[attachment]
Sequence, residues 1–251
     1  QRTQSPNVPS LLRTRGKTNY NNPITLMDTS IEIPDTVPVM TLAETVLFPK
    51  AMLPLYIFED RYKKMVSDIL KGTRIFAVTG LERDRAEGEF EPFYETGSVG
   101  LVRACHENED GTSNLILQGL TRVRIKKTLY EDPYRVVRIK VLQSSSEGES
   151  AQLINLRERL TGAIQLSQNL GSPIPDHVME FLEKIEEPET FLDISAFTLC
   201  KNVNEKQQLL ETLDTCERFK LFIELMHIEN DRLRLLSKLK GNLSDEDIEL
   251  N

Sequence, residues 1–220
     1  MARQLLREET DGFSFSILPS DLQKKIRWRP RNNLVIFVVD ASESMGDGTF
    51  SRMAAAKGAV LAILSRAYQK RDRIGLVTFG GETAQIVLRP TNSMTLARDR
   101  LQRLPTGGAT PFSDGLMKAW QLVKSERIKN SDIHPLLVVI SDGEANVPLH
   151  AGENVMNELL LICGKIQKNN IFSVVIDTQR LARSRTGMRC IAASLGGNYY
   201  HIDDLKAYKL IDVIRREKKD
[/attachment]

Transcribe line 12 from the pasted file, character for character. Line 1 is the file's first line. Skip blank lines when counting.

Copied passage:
   151  AGENVMNELL LICGKIQKNN IFSVVIDTQR LARSRTGMRC IAASLGGNYY